Associations to the word «Dull»

Wiktionary

DULL, adjective. Lacking the ability to cut easily; not sharp.
DULL, adjective. Boring; not exciting or interesting.
DULL, adjective. Not shiny; having a matte finish or no particular luster or brightness.
DULL, adjective. Not bright or intelligent; stupid; slow of understanding.
DULL, adjective. Sluggish, listless.
DULL, adjective. Cloudy, overcast.
DULL, adjective. Insensible; unfeeling.
DULL, adjective. Heavy; lifeless; inert.
DULL, adjective. (of pain etc) Not intense; felt indistinctly or only slightly.
DULL, verb. (transitive) To render dull; to remove or blunt an edge or something that was sharp.
DULL, verb. (transitive) To soften, moderate or blunt; to make dull, stupid, or sluggish; to stupefy.
DULL, verb. (intransitive) To lose a sharp edge; to become dull.
DULL, verb. To render dim or obscure; to sully; to tarnish.
DULL AS DISHWATER, adjective. (simile) Boring; ordinary.
DULL AS DITCHWATER, adjective. (simile) Alternative form of dull as dishwater

Dictionary definition

DULL, verb. Make dull in appearance; "Age had dulled the surface".
DULL, verb. Become dull or lusterless in appearance; lose shine or brightness; "the varnished table top dulled with time".
DULL, verb. Deaden (a sound or noise), especially by wrapping.
DULL, verb. Make numb or insensitive; "The shock numbed her senses".
DULL, verb. Make dull or blunt; "Too much cutting dulls the knife's edge".
DULL, verb. Become less interesting or attractive.
DULL, verb. Make less lively or vigorous; "Middle age dulled her appetite for travel".
DULL, adjective. Lacking in liveliness or animation; "he was so dull at parties"; "a dull political campaign"; "a large dull impassive man"; "dull days with nothing to do"; "how dull and dreary the world is"; "fell back into one of her dull moods".
DULL, adjective. Emitting or reflecting very little light; "a dull glow"; "dull silver badly in need of a polish"; "a dull sky".
DULL, adjective. Being or made softer or less loud or clear; "the dull boom of distant breaking waves"; "muffled drums"; "the muffled noises of the street"; "muted trumpets".
DULL, adjective. So lacking in interest as to cause mental weariness; "a boring evening with uninteresting people"; "the deadening effect of some routine tasks"; "a dull play"; "his competent but dull performance"; "a ho-hum speaker who couldn't capture their attention"; "what an irksome task the writing of long letters is"- Edmund Burke; "tedious days on the train"; "the tiresome chirping of a cricket"- Mark Twain; "other people's dreams are dreadfully wearisome".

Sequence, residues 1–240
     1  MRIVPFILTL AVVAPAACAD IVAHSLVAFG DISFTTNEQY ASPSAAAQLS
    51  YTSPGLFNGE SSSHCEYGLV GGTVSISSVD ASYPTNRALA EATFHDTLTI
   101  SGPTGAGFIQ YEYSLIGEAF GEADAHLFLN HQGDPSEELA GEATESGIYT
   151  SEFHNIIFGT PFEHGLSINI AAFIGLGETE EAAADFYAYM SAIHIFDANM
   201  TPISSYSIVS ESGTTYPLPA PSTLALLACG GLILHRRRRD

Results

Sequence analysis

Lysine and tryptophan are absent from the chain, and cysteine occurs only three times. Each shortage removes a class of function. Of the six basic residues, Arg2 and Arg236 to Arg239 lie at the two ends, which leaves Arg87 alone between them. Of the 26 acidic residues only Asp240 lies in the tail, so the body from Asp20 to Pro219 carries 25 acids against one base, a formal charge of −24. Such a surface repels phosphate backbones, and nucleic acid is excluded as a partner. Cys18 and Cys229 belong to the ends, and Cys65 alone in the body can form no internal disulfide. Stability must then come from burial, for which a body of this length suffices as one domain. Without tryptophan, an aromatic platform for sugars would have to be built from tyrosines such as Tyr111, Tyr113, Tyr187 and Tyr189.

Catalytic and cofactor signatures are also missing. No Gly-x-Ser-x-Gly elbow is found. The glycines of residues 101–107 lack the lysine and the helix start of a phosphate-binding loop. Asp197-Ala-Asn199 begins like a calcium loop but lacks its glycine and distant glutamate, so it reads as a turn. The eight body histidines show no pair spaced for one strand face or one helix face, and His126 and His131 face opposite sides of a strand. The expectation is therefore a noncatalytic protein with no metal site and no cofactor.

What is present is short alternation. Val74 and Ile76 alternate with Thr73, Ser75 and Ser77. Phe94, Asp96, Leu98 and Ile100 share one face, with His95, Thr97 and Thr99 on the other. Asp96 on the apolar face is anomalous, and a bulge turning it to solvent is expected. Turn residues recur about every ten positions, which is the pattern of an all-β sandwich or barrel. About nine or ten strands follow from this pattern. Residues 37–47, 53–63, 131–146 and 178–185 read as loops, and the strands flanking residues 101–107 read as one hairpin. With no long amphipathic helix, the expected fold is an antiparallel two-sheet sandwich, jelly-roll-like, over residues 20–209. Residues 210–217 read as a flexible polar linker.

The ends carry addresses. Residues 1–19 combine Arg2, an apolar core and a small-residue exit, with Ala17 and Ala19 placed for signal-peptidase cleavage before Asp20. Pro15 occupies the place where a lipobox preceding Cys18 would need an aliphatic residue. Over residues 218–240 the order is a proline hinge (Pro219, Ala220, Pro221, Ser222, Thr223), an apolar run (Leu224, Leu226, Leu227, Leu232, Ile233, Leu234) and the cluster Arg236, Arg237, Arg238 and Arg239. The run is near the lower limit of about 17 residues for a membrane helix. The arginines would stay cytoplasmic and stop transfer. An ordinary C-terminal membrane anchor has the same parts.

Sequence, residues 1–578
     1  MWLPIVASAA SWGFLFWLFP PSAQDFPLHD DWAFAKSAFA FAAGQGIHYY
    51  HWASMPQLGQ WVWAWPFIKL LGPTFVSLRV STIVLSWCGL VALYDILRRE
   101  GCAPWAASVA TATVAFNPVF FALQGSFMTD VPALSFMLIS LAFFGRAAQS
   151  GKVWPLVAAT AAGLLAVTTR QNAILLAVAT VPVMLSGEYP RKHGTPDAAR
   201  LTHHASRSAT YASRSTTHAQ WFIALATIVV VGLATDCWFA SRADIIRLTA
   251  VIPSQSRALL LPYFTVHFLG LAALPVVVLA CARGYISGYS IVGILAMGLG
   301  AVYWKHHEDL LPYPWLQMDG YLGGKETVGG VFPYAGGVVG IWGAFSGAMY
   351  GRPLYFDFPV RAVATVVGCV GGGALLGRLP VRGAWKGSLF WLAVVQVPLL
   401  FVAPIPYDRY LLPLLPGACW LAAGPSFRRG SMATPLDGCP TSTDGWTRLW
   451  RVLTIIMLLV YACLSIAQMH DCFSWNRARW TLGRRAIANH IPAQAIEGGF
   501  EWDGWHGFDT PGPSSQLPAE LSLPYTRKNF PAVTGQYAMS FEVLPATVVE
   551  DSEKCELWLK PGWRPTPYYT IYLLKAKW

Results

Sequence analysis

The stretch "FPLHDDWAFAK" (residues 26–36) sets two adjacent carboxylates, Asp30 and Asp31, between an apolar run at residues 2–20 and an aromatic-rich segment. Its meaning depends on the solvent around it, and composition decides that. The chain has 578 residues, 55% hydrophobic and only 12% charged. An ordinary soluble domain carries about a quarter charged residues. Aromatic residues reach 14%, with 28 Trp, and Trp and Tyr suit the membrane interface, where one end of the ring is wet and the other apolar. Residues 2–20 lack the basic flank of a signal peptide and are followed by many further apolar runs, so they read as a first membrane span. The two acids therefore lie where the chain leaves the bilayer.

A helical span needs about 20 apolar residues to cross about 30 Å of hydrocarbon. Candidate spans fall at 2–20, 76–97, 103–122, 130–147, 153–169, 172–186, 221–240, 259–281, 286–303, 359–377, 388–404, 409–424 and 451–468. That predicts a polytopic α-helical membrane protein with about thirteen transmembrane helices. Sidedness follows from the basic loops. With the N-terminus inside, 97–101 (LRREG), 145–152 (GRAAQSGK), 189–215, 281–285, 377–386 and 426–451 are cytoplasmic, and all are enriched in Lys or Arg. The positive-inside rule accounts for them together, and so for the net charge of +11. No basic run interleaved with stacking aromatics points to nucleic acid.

DULL, adjective. (of color) very low in saturation; highly diluted; "dull greens and blues".
DULL, adjective. Not keenly felt; "a dull throbbing"; "dull pain".
DULL, adjective. Slow to learn or understand; lacking intellectual acuity; "so dense he never understands anything I say to him"; "never met anyone quite so dim"; "although dull at classical learning, at mathematics he was uncommonly quick"- Thackeray; "dumb officials make some really dumb decisions"; "he was either normally stupid or being deliberately obtuse"; "worked with the slow students".
DULL, adjective. (of business) not active or brisk; "business is dull (or slow)"; "a sluggish market".
DULL, adjective. Not having a sharp edge or point; "the knife was too dull to be of any use".
DULL, adjective. Blunted in responsiveness or sensibility; "a dull gaze"; "so exhausted she was dull to what went on about her"- Willa Cather.
DULL, adjective. Not clear and resonant; sounding as if striking with or against something relatively soft; "the dull thud"; "thudding bullets".
DULL, adjective. Darkened with overcast; "a dark day"; "a dull sky"; "the sky was leaden and thick".

Wise words

Words are always getting conventionalized to some secondary meaning. It is one of the works of poetry to take the truants in custody and bring them back to their right senses.
William Butler Yeats